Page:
Braun has proposed an amendment to the United States Constitution which he calls the Democracy Amendment. It reads "We the People, hereby empower the majority of American citizens to approve all laws, federal legislation, presidential executive orders, and judicial decisions that impact the majority of citizens." His plan is for the amendment to be ratified directly by voters through constitutional conventions.[34] He has made this amendment a focus of past presidential campaigns.[29][35]


  1. ^ a b "Harry Braun, Chairman and Senior Scientist". Phoenix Project Foundation. Retrieved 20 August 2015.
  2. ^ a b "Biography of Harry Braun, Sustainable Partners International". International Association for Hydrogen Energy. Retrieved 20 August 2015.
  3. ^ 1992, Solar Stirling Gensets for Large-Scale Hydrogen Production.[2]
  4. ^ 1997, Stirling Energy Systems (SES): dish-Stirling program.[3] (See also: Stirling Energy Systems.)
  5. ^ 1999, Status of the Boeing Dish Engine Critical Component project, 1999.[4]
  6. ^ 2003, Calculating hydrogen production costs.[5]
  7. ^ 2008, Photobiology: The biological impact of sunlight on health & infection control. (See also, 1982.[6])
  8. ^ 2008, The Phoenix Project: Shifting to a Solar Hydrogen Economy by 2020.[7] (Revised version; earlier versions published in 1990), 2000,[8][9] and 2003.[10])


  1. ^ "Advisory Board of Directors". International Association for Hydrogen Energy. Archived from the original on 12 October 2018. Retrieved 27 August 2015.
  2. ^ Solar Stirling Gensets for Large-Scale Hydrogen Production. ASME (American Society of Mechanical Engineers), Solar Energy Technology, Vol 13, pp. 21-31, ASME 1992.
  3. ^ Stirling Energy Systems (SES): dish-Stirling program. K.W.Stone, H.W.Braun, M.I.Moore, T.B.Clark; IEEE and McDonnell Douglas Electronic Systems Company, in: IECEC-97, Proceedings of the 32nd Intersociety Energy Conversion Engineering Conference, 27 Jul 1997 to 01 Aug 1997, Honolulu, HI. volume 2, pages 1039-1044, ISBN 0-7803-4515-0, DOI:10.1109/IECEC.1997.661912.
  4. ^ Brau, H.W. (1999-01-08). "Status of the Boeing Dish Engine Critical Component Project". OSTI 3273. {{cite journal}}: Cite journal requires |journal= (help)
  5. ^ "Archived copy". Archived from the original on 2015-10-04. Retrieved 2015-08-25.{{cite web}}: CS1 maint: archived copy as title (link)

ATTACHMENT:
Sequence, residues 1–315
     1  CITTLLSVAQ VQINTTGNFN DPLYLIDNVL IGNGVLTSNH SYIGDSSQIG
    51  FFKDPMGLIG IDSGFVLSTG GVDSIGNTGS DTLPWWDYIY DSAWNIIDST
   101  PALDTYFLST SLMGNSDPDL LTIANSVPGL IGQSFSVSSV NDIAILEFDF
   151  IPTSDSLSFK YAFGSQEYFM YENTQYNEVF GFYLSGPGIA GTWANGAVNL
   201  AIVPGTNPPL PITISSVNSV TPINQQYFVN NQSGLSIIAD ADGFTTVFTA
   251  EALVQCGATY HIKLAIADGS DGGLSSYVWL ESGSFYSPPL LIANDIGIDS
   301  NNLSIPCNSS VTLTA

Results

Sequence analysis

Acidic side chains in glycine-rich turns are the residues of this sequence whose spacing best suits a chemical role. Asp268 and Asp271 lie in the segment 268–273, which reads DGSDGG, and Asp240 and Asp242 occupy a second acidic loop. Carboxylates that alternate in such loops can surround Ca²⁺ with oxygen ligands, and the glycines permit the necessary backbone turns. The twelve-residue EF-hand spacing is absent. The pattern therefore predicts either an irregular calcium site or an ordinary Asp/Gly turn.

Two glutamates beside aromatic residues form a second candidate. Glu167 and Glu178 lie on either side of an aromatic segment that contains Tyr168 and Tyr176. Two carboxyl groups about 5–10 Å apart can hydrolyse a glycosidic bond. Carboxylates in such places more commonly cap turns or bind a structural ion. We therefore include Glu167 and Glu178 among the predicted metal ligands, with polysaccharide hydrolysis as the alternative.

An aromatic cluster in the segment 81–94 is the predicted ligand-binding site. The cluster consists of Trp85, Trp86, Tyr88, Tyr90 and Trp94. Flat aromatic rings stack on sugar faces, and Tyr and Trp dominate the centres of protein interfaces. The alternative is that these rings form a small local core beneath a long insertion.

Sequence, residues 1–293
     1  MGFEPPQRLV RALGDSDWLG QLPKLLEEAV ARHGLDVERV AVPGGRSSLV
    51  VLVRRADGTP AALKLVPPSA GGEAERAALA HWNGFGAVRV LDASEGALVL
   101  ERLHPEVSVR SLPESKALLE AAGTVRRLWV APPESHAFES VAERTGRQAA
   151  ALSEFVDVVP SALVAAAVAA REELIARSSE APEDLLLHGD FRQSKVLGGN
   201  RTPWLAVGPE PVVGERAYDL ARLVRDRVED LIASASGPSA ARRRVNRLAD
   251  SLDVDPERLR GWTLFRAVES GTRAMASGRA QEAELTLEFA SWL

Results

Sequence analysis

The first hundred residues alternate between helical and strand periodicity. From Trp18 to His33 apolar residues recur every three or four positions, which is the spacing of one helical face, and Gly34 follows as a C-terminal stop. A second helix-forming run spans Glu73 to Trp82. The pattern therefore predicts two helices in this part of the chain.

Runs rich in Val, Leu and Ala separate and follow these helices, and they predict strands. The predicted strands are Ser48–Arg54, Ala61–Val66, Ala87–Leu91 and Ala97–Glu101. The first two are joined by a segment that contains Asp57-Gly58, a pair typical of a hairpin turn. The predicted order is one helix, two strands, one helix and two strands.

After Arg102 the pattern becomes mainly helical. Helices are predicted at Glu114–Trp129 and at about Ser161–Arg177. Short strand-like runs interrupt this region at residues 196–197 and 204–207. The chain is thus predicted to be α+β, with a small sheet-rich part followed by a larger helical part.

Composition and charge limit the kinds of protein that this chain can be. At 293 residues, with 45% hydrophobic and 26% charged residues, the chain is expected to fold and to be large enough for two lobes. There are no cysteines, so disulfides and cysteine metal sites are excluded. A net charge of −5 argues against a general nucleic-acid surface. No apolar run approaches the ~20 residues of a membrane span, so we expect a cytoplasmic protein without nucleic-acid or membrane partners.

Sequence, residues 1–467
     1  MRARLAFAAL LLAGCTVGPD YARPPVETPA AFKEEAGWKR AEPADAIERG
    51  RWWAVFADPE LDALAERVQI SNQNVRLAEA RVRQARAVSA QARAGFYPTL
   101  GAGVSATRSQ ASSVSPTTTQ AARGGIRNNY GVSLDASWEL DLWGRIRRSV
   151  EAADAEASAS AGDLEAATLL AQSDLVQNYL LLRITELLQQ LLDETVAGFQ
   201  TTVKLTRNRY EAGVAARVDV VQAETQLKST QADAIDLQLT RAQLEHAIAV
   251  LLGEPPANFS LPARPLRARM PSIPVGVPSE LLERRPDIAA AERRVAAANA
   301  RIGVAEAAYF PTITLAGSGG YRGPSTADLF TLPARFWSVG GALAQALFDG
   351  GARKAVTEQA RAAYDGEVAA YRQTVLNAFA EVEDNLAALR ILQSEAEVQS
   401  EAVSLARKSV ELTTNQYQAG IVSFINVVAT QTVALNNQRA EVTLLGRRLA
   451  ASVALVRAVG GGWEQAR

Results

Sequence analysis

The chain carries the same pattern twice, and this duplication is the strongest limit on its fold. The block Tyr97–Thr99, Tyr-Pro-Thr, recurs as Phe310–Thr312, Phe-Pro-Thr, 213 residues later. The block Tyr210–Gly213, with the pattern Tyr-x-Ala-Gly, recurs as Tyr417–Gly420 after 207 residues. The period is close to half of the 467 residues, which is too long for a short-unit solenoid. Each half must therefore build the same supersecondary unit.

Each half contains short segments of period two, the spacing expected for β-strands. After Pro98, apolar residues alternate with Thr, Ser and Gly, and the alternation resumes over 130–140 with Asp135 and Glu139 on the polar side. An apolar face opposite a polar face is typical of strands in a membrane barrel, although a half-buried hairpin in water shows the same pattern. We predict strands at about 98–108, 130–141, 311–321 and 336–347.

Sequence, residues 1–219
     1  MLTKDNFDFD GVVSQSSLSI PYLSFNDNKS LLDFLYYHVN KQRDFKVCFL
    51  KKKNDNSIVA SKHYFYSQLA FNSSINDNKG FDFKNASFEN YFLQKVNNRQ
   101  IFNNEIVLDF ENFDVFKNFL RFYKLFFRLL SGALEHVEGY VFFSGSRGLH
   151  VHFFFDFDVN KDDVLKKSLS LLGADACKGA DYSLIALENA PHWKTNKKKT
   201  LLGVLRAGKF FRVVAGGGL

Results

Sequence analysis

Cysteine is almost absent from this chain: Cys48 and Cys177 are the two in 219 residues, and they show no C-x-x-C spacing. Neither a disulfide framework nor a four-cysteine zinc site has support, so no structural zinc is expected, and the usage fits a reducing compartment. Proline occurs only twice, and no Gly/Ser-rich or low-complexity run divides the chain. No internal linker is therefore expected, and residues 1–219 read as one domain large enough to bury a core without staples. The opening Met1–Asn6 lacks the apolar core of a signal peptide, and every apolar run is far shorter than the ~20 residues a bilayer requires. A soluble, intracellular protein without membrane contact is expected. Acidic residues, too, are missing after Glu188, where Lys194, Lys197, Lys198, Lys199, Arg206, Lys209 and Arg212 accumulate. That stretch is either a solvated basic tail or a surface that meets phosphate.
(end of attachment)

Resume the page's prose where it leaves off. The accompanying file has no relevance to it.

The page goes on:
6. ^ Quality of light held important to your health, by Kitty Maclnnis, Phoenix Gazette, November 17, 1982.
  7. ^ The Phoenix Project: Shifting to a Solar Hydrogen Economy by 2020. Chemical Engineering & Chemical Industry Quarterly, vol. 14, No. 2, 2008, pp-107-118.[1]
  8. ^ Braun, Harry (2000). The Phoenix Project. SPI Publications. ISBN 9780970250209.
  9. ^ Sastri, M. (2002). "The Phoenix Project: Shifting from Oil to Hydrogen, 2nd Edition Harry Braun; SPI Publications, Phoenix, AZ, USA, 2000, xv+365 pp". International Journal of Hydrogen Energy. 27 (4): 465. doi:10.1016/S0360-3199(01)00129-X.
  10. ^ Talk of the Nation interview with guests Harry Braun and Vijay Vaitheeswaran (November 21, 2003). "New Energy Policy". NPR.
  11. ^ "McCain, Braun vie for House seat", by Susan Turley, Tempe Daily News, October 14, 1984, page 1 and A4.
  12. ^ "McCain vs, Braun", by Susan Turley, Tempe Daily News, October 23, 1984, page A3.
  13. ^ "Braun outlines plan for energy mecca", by [unknown], Tempe Daily News, page 3, September 19, 1984
  14. ^ "Candidate seeks to halt 'suicide' energy policy: Urges moratorium on atomic weapons to foster research", by Joel Nilsson, The Arizona Republic, September 19, 1984
  15. ^ "The World According to Braun", by Doug MacEachern, The New Times, page 3, September 26, 1984.
  16. ^ Statistics of the Presidential and Congressional Election of November 6, 1984. Washington: U.S. Government Printing Office. 1985.
  17. ^ a b "Statistics of the Congressional Election of November 4, 1986" (PDF). Government Printing Office. Retrieved 24 August 2015.
  18. ^ "Candidate serious on energy issues", by Max Jennings (Executive Editor), The Mesa Tribune, page A7, May 7, 1986.
  19. ^ "1st District candidate says solar energy only answer", by Adrianne/Adrian Flynn, Tempe Daily News, June 3, 1986.
  20. ^ "District 1 Democrat finds hope in hydrogen", Adrian/Adrianne Flynn, The Mesa Tribune, Vol. 38, No. 202, page 1, August 19, 1986